Major League Soccer announced a South Florida team in 1997 as one of its first two expansions, along with the Chicago Fire. Miami businessman Ken Horowitz served as owner, the first new investor to join Major League Soccer since its founding in 1995. The team ultimately named the Miami Fusion, debuted in the 1998 MLS season, playing in Lockhart Stadium, the league’s first soccer-specific stadium.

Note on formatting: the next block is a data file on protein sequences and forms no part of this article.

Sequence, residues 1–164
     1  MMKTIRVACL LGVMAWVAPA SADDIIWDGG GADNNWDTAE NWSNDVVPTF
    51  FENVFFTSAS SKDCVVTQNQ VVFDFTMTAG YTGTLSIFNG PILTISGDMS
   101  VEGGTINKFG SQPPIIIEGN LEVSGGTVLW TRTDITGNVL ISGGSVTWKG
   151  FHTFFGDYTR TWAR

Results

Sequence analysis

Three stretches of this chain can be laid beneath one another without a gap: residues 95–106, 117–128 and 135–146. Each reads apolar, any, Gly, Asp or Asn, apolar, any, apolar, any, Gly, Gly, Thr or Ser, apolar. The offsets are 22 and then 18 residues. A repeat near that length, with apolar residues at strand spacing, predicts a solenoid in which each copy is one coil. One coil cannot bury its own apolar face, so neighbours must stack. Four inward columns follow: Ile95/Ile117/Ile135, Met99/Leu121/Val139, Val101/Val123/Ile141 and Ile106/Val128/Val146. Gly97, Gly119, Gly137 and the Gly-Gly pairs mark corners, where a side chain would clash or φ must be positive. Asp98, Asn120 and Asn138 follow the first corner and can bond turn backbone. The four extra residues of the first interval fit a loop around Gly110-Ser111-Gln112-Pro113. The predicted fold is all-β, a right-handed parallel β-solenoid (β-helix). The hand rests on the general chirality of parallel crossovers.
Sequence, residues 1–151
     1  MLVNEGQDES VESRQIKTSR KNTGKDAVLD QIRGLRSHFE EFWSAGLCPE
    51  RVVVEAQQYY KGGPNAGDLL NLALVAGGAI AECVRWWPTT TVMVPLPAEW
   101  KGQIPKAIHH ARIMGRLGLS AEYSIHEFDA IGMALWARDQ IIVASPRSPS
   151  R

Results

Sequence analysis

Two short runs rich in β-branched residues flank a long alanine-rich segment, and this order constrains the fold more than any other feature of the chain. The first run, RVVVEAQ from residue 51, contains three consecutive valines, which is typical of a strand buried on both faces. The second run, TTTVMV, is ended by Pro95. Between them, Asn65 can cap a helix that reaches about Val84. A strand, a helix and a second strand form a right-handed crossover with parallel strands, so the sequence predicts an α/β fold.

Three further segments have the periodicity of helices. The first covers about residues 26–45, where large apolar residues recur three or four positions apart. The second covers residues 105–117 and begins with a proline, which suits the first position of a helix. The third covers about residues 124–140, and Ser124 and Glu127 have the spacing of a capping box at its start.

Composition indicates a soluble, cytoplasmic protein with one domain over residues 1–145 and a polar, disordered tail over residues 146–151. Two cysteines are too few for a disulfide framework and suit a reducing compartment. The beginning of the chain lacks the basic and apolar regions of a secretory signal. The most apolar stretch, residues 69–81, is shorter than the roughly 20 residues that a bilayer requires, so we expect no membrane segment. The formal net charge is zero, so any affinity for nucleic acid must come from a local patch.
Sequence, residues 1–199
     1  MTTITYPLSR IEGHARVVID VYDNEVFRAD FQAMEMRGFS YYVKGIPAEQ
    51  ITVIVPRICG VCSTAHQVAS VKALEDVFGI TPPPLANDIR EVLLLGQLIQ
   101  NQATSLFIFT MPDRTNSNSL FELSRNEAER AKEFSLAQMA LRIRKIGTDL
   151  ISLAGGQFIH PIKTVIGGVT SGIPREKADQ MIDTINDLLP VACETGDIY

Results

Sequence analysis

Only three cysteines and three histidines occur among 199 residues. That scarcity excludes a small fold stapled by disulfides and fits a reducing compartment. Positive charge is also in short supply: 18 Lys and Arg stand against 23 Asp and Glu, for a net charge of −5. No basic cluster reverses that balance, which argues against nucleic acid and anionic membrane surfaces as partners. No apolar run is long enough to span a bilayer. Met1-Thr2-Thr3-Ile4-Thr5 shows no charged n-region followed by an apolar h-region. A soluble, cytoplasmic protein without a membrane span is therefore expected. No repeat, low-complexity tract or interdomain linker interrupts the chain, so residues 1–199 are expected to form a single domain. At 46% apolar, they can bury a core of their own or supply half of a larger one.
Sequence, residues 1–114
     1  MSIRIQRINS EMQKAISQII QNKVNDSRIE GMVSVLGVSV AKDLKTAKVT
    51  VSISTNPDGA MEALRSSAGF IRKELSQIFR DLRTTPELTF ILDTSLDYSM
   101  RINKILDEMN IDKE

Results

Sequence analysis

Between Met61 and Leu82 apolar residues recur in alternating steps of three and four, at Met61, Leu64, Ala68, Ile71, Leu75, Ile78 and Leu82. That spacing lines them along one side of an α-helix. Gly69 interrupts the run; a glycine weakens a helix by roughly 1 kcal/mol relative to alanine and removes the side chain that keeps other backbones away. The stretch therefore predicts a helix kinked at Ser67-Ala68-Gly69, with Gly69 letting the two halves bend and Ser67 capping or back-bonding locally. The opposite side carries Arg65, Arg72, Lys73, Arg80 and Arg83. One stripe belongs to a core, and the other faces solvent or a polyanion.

The Fusion started their inaugural season strong. Led by star midfielder Carlos Valderrama, the Fusion drew 20,450 to their first game at Lockhart Stadium against D.C. United, showing off the possibilities of a more intimate venue designed especially for soccer. Another 3,000 were turned away by police. However, interest waned through the year along with the team’s middling performance on the field. The Fusion replaced head coach Carlos “Cacho” Cordoba with Ivo Wortmann after game 19, and the team managed a playoff spot, losing to D.C. By the end of the year, their average attendance had dropped to 10,284.